Last Monday, a hawk was spotted by a photographer in Peter Cooper, landing victoriously in a tree after capturing a squirrel.

For that observer, a newly moved in Shlomit Shalit, it was her first time seeing a hawk or a squirrel, since there aren’t any of either in her native Tel Aviv.

“When we saw the hawk we felt like we were in a National Geographic movie,” she said. “We couldn’t take our eyes off it. I love that we have this piece of nature here.”

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Market raters hopeful about lottery, some others say the cost isn’t exactly affordable

feb9-screenshotBy Sabina Mollot

Following the announcement that the Stuyvesant Town lottery would be reopening for would-be residents in the upper income tier, Town & Village asked a few market rate residents and former residents as well as others for their thoughts. The market raters we spoke with seemed to think that while the rents weren’t exactly cheap, the lottery was still welcome news. However, those unaccustomed to paying those kinds of rents were wary of labeling the available units as affordable.

After hearing what the rents were for one and two-bedrooms, Larry Watson, a former Stuy Town resident who moved out last year, said he thought the deal sounded better for the two-bedrooms.

He’d previously paid $3,900 for a converted two-bedroom.

“If you look at the price for a studio anywhere in Manhattan, it’s $2,000,” said Watson, “so it’s an $800 leap for a one-bedroom, but for a two-bedroom it’s an extra $1,300. So you get the value in a two-bedroom, but not a one-bedroom. I’d say it’s a decent offer,” he said.

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Stuy Town apartment lottery reopening

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The lottery website, stuytownlottery.com, is live.

By Sabina Mollot

The lottery for below-market apartments in Stuyvesant Town/Peter Cooper Village is reopening.

On Monday, Blackstone announced that those who missed out the first time could try again during a one-month window.

This reopening is specifically for applicants in the higher-income bracket for one and two-bedroom apartments since those are the unit sizes that are most common throughout the property. However, the original waiting list is still active for unit types not included in the current lottery as well as one and two-bedrooms.

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Pigeon-napper strikes again, says PCV woman

Pigeons like these have been getting sold for target practice. (Photo by Sabina Mollot)

Pigeons like these have been getting sold for target practice. (Photo by Sabina Mollot)

By Sabina Mollot

Last month, Town & Village reported that a ring of bird-nappers have been seen trapping and then selling local pigeons to customers out of state who then use them for target practice. While they have yet to be arrested, one bird-napper was caught last year on Stuyvesant Town’s surveillance cameras as he worked to catch birds on East 14th Street and First Avenue.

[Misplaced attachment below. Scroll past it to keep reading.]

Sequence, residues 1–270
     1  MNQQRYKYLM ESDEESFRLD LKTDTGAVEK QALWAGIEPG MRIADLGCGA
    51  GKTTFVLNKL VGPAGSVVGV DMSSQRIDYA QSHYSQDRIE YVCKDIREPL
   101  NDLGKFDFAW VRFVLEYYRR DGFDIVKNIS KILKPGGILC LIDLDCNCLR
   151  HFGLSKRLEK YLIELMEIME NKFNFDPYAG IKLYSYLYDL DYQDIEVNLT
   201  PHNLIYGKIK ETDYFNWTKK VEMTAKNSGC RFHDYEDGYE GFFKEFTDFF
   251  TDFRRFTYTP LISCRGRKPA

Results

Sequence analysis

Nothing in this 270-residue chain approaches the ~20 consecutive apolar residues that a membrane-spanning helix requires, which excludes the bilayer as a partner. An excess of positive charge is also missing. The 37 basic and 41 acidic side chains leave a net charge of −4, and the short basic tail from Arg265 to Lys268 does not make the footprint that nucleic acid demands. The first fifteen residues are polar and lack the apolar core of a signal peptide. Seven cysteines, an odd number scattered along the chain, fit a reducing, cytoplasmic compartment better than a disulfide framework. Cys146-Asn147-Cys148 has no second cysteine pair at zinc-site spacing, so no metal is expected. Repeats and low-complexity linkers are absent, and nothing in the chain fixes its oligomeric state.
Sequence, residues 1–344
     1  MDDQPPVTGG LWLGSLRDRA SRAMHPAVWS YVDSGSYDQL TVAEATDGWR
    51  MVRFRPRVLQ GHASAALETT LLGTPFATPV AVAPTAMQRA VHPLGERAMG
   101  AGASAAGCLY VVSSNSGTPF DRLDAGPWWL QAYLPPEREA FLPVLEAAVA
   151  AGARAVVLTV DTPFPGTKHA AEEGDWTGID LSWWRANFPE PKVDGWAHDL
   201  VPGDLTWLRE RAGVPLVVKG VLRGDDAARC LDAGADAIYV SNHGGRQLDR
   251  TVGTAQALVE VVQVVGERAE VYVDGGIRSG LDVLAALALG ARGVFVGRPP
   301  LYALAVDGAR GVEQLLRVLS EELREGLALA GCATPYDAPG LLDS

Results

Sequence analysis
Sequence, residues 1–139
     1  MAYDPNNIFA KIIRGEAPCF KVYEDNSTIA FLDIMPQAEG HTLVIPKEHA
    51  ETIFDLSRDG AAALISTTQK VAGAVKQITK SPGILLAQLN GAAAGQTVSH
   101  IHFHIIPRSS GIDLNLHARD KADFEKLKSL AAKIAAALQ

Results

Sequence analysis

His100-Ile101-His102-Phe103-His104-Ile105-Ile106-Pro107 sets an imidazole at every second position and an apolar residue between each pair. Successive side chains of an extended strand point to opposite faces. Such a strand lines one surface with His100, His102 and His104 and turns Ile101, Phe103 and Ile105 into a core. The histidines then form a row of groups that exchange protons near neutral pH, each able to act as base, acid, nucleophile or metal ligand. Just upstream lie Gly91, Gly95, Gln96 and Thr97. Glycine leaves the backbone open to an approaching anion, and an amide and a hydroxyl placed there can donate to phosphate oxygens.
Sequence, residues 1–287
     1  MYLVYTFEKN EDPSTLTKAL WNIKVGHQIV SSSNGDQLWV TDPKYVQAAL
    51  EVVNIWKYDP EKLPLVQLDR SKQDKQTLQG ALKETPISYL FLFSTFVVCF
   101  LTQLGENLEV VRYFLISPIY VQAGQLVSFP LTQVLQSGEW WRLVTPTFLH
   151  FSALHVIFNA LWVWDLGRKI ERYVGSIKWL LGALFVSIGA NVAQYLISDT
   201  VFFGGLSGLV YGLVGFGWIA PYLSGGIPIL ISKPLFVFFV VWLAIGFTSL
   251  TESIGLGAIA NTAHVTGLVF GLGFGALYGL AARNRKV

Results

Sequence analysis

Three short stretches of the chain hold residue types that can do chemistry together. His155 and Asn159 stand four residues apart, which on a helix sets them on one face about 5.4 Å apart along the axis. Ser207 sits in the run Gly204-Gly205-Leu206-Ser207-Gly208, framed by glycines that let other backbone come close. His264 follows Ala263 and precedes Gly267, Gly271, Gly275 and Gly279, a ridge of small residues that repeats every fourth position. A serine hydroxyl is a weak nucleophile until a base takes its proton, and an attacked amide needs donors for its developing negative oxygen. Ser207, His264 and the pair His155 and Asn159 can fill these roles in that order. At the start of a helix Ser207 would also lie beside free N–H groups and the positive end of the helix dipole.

And now, he’s back, according to a woman who said she watched in horror as a man caught pigeons in a net in Peter Cooper Village on Saturday.

The witness, a resident of Peter Cooper who asked that her name not be published, said it happened in broad daylight at around 12:10 p.m. on First Avenue between 21st and 22nd Streets.

She said she watched as he put out some seed, and following a few birds’ immediate interest, quickly scooped them up. He didn’t get more than those few, however, since the woman said she screamed at him to stop.

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Stuy Town sisters open Portuguese restaurant in former Yaffa Café space

Owners Raquel and Patricia Sanguedo (Photos by Maria Rocha-Buschel)

Owners Raquel and Patricia Sanguedo (Photos by Maria Rocha-Buschel)

By Maria Rocha-Buschel

What started as the hunt for a new kitchen for a catering business turned into the debut of a Portuguese comfort food restaurant in Taberna 97, opened on St. Mark’s Place just after Thanksgiving by two sisters living in Stuyvesant Town and Peter Cooper Village.

Raquel Sanguedo and her sister Patricia run Noz Catering, which provides services for the fashion industry. When looking around for a kitchen, they found out through Little Missionary’s Day Nursery director Eileen Johnson, a neighbor, that the space formerly occupied by Yaffa Café was available. In addition to the catering business, Raquel and Patricia own St. Dymphna’s, an Irish bar down the block, along with Patricia’s husband, Eric Baker, and the three own the new business together.

Raquel said that she and her sister didn’t necessarily have a lifelong dream to open a Portuguese restaurant — although they are Portuguese — but Baker had aspirations to open up a tavern. So when they found out about the space, it seemed like a good opportunity.

“I never thought I would own an Irish bar either but sometimes you just go with the flow,” Raquel said.

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Attorney for Planned Parenthood discusses the de-funding threat

Zoe Segal-Reichlin, senior associate general counsel/director of advocacy and political law for the Planned Parenthood Federation of America, pictured in November with her husband, Council Member Dan Garodnick, and their two sons, Devin and Asher, as they door-knocked for Hillary Clinton (Photo courtesy of Dan Garodnick)

Zoe Segal-Reichlin, senior associate general counsel/director of advocacy and political law for the Planned Parenthood Federation of America, pictured in November with her husband, Council Member Dan Garodnick, and their two sons, Devin and Asher, as they door-knocked for Hillary Clinton (Photo courtesy of Dan Garodnick)

By Sabina Mollot

Inauguration Day for President-Elect Donald Trump hasn’t happened yet, but already Planned Parenthood is preparing for a major battle ahead to protect its federal funding.

Earlier in the month, House Speaker Paul Ryan announced a push by Republicans in Congress to defund the now century-old organization. While Planned Parenthood has always faced opposition from the GOP, soon there will be a Republican in the White House as well as a majority in the Senate and House.

Meanwhile, the women’s healthcare giant has vowed it won’t be going down without a fight.